The first book to blow my mind that wasn’t a Choose Your Own Adventure was George Orwell’s 1984. I was 14 and I tore through that book as quickly as I could. In plain spoken English the novel explained a nightmarish scenario which we were already living. A world where we were at a perpetual war (in my childhood it was against the communists, in my adulthood the Muslims, or terrorists if you prefer). A society where you were always being watched and any nonconformity was to be punished. Orwell took the totalitarianism to cartoonish lengths, but it wasn’t hard to find parallels between his story and the life we lived.
Dave Egger’s new book The Circle gave me a similar thrilling dread. But the nightmarish world he paints is a lot closer to realty than anything Orwell described. In close to 500 fast paced pages he introduces us to Mae who just got hired at The Circle, a Facebookesque internet company. At first her job seems awesome. Everyone is really nice and concerned about her well being, they have plenty of perks like chefs cooking for them and famous musicians singing in the courtyards. But slowly and then suddenly her job becomes all encompassing. They want to know why she isn’t attending “optional” get-togethers and even worse why she spent an entire weekend off-line. It seems obvious the company she works for is a cult to everyone, but her. She buys into it completely to the point where she agrees to have cameras recording every moment of her life for viewers to watch on their smartphones.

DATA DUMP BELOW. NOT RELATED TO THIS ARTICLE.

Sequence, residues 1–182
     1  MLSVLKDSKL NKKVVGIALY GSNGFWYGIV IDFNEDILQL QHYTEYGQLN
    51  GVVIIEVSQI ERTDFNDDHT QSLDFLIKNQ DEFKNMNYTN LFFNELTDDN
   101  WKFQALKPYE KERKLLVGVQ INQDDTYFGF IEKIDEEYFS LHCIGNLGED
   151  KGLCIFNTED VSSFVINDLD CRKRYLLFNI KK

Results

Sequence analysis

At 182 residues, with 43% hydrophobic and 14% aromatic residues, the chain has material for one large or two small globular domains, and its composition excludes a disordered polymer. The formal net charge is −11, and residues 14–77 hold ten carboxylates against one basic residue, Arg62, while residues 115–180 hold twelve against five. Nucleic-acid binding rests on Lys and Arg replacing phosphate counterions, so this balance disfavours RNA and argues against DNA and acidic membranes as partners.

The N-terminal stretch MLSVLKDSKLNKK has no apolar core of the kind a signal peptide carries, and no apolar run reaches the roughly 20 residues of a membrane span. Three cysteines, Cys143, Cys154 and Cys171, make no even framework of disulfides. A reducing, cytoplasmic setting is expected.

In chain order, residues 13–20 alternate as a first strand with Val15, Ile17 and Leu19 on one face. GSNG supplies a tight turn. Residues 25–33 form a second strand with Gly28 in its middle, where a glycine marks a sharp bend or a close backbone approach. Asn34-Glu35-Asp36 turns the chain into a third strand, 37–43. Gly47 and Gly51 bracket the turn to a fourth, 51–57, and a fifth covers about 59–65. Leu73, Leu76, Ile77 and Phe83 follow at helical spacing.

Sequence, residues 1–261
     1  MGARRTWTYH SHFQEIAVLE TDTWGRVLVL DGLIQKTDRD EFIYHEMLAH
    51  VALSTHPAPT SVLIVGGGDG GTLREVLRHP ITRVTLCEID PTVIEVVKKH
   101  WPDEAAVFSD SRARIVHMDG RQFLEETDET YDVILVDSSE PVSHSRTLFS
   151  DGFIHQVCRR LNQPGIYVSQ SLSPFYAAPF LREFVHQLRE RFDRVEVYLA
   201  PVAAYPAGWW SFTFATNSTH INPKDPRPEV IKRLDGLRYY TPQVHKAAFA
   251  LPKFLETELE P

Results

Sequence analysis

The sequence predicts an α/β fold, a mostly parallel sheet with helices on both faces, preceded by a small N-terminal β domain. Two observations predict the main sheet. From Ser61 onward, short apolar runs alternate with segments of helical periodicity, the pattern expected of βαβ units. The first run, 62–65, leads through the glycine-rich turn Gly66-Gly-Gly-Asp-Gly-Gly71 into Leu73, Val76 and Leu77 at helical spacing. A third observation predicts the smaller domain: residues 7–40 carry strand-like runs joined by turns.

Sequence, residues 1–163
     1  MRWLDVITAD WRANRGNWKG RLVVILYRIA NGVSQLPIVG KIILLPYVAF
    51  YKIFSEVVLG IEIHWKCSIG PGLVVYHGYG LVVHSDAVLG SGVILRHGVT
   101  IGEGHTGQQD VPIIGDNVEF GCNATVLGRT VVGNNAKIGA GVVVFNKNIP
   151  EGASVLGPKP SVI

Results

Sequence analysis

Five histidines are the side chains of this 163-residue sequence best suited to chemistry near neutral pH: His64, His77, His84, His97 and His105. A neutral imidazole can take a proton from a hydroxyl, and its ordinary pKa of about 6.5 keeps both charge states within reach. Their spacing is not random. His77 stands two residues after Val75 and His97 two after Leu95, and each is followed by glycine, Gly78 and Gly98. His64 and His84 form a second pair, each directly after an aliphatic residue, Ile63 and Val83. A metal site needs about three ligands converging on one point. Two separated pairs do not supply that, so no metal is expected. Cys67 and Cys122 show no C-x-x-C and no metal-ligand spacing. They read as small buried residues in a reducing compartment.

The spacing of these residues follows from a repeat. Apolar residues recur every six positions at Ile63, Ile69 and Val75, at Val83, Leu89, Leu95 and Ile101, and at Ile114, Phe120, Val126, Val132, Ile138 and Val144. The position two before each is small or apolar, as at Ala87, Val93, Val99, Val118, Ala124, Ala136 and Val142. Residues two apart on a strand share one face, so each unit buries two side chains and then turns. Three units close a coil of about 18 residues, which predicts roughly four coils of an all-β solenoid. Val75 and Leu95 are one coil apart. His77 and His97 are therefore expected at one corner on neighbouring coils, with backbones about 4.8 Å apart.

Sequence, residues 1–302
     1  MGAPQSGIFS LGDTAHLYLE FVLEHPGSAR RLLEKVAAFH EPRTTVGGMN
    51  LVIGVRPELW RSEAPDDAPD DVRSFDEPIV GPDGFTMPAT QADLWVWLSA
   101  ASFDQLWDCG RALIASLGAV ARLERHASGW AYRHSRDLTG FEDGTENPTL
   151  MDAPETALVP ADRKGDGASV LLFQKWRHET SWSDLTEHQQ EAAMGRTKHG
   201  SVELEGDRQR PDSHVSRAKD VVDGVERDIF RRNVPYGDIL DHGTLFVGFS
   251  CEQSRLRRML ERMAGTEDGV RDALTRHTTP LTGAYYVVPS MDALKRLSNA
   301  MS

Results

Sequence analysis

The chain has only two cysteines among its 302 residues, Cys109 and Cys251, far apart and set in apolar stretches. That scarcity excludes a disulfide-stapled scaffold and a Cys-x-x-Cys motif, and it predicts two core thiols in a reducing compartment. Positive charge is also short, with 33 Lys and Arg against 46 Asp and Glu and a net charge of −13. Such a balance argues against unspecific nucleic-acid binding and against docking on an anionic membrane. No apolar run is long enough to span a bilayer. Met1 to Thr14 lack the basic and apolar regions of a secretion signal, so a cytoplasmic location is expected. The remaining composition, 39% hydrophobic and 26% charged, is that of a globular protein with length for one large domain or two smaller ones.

The book’s final portion edges toward the ridiculous, but before it veers out of control, it touches all the scary things our technological bonanza has unleashed on society from the narcissism inherent in selfies, the voyeurism of reality television and viewing strangers Facebook pages, to the greed of corporations for personal information. If nothing else the book for at least one night will have you turn your cell phone off.